So I import ALL 3000 images into a project folder called “Wedding”. Now I browse to it with PL3.
Sluggishness aside, I go through all 3000 images in a culling process and flag only 300 of them in my shortlist. Now I have 2700 images to delete to save on storage and hopefully make things a little less sluggish.

How do you delete these 2700 images? Can I delete the images from PL3? If so, does it delete the actual master file, or just remove it from the view?


do not use DPL for culling. DPL is way too slow for that. It was not built for that. Use your DAM application for culling, or i.e a lot of people use FastRawViewer. Do the culling there.
When finished add your metadata in your DAM, select all the files you want to edit and open them in DPL. DPL will then create a project and you are good to go.

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Not knowing your past photographic experience but… my father taught me about photography when I was 11 years old (54 years ago); back then, things were certainly sluggish :stuck_out_tongue_winking_eye:

First of all, we would never have thought of taking 3000 photos at a wedding, as that would have involved the purchase of 84 rolls of 36 exposure film. If you were shooting in B&W, you would develop the film yourself and print contact sheets from each film to use for culling. “Zooming in” to an image involved the use a magnifying glass but that didn’t always show as much detail as you would like.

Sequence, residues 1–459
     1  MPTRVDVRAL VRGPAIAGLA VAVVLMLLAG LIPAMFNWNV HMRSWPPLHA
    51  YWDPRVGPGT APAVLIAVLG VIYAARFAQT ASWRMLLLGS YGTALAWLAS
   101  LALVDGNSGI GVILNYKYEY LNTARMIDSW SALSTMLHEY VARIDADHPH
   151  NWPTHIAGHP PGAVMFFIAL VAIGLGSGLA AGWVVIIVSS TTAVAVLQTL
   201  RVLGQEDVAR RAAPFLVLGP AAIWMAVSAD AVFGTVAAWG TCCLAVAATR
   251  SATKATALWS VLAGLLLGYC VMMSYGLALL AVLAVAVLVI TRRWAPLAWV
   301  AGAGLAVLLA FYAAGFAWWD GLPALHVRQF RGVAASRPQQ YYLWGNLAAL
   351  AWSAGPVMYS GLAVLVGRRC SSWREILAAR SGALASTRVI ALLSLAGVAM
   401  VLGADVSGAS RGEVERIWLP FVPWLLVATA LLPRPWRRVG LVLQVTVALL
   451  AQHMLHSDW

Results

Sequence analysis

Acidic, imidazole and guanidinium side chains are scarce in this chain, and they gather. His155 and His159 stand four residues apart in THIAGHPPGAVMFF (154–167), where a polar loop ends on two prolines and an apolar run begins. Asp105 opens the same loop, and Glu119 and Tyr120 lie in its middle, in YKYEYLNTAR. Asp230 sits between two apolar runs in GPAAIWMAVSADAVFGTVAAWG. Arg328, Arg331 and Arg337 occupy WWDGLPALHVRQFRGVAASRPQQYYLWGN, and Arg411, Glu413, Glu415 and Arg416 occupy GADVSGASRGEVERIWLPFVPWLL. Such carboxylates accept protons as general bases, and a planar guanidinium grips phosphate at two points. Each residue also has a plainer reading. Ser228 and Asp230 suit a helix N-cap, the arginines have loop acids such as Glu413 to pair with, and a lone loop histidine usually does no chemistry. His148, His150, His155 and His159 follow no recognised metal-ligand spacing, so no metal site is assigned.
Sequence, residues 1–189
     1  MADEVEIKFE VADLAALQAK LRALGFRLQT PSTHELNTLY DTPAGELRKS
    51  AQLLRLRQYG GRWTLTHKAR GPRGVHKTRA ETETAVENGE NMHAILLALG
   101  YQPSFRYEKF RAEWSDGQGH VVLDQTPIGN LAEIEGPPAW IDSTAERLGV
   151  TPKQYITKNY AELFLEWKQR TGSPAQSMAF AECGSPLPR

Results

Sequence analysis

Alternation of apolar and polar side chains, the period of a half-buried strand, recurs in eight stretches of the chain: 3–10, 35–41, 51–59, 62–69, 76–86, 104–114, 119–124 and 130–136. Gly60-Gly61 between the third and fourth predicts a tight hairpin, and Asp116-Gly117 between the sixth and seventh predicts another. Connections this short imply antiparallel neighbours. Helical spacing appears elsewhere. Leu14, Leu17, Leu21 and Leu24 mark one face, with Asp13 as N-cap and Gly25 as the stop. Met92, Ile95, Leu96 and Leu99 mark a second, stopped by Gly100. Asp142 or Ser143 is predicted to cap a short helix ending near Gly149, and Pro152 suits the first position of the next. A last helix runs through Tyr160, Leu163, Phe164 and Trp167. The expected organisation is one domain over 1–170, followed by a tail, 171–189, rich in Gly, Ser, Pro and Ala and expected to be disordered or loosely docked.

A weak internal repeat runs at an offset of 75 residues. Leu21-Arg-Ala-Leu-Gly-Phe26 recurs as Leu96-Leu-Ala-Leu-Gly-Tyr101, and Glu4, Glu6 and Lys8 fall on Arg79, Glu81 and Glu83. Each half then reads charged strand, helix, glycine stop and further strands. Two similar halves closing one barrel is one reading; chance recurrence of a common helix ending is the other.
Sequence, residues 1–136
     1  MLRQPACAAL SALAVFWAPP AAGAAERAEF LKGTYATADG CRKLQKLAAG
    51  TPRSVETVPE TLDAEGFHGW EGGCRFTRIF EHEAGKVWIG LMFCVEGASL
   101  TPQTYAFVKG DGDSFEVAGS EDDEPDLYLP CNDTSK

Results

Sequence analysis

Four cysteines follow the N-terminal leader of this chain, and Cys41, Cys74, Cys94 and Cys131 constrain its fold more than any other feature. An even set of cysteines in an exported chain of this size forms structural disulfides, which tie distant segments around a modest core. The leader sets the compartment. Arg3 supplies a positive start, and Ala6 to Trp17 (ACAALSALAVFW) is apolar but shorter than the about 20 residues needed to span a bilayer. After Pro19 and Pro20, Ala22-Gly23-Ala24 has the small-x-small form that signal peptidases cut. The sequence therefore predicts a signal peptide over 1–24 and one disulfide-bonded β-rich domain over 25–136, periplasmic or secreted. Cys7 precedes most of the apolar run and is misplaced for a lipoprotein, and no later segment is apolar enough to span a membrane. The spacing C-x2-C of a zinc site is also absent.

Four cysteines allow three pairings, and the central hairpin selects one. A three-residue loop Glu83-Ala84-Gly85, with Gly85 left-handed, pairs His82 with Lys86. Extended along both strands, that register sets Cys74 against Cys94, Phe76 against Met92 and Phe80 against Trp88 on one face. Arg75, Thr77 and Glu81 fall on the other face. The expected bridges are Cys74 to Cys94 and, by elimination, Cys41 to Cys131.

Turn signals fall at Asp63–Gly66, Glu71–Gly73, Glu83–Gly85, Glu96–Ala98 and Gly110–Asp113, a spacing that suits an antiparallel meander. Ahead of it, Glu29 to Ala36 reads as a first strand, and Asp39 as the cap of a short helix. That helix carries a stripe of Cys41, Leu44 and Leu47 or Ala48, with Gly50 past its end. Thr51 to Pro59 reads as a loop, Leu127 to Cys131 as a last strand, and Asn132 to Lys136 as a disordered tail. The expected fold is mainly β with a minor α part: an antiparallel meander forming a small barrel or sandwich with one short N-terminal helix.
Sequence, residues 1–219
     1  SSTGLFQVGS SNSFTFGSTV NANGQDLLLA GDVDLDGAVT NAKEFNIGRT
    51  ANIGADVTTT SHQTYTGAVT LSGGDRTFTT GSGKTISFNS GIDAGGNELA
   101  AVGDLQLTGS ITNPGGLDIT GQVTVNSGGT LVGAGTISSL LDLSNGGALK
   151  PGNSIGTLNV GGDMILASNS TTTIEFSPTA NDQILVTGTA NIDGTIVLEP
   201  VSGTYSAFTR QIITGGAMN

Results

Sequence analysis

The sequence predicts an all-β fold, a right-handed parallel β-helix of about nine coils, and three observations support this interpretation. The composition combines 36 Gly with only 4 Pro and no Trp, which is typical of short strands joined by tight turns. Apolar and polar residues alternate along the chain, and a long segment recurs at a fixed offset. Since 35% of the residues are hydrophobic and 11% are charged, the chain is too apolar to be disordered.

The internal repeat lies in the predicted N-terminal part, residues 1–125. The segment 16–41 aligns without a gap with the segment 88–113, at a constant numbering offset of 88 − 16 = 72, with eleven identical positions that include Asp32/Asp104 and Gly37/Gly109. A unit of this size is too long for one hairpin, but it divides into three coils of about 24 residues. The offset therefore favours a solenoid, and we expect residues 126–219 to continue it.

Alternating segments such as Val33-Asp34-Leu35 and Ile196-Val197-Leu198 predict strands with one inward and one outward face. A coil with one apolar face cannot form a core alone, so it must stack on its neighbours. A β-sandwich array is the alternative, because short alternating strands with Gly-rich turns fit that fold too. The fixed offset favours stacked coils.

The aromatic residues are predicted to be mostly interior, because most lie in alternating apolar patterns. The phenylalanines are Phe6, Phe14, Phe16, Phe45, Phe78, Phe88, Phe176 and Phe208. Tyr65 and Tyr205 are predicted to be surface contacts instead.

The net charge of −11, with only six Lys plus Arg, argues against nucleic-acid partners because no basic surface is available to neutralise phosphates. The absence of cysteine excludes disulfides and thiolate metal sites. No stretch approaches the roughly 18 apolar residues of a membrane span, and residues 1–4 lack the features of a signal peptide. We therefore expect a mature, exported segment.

If you used colour film, you would go through the same culling process but you would send the film to a lab to get it developed and contact sheets made.

All this didn’t just take time, it also cost “loadsamoney”!

Before tackling a digital workflow, I would seriously suggest that you look at your picture taking. Instead of thrashing away 3000 pictures and culling 2700, why not try being more selective and aim for 300 in the first place? :nerd_face:

Anyhow, we are where we are with digital photography - it doesn’t cost anything to “burn film” like it used to so we tend not to think about what we are taking; instead relying on the machine gun approach. Even I sometimes do that, but mainly for things like catching the perfect shot of fast aircraft at an air show.

Now to looking at improving the management of large numbers of images (apart from not taking so many)

The main problem with any software that is showing RAW images is that a RAW file doesn’t contain a “visible” image, it contains data that is interpreted as an image, as and when you want to look at it. On my Nikon D810, that means that every file is around 75MB, which is quite a lot of data to process just to glimpse what the picture looks like. Hence the time it can take to show even one image, let alone a screenful.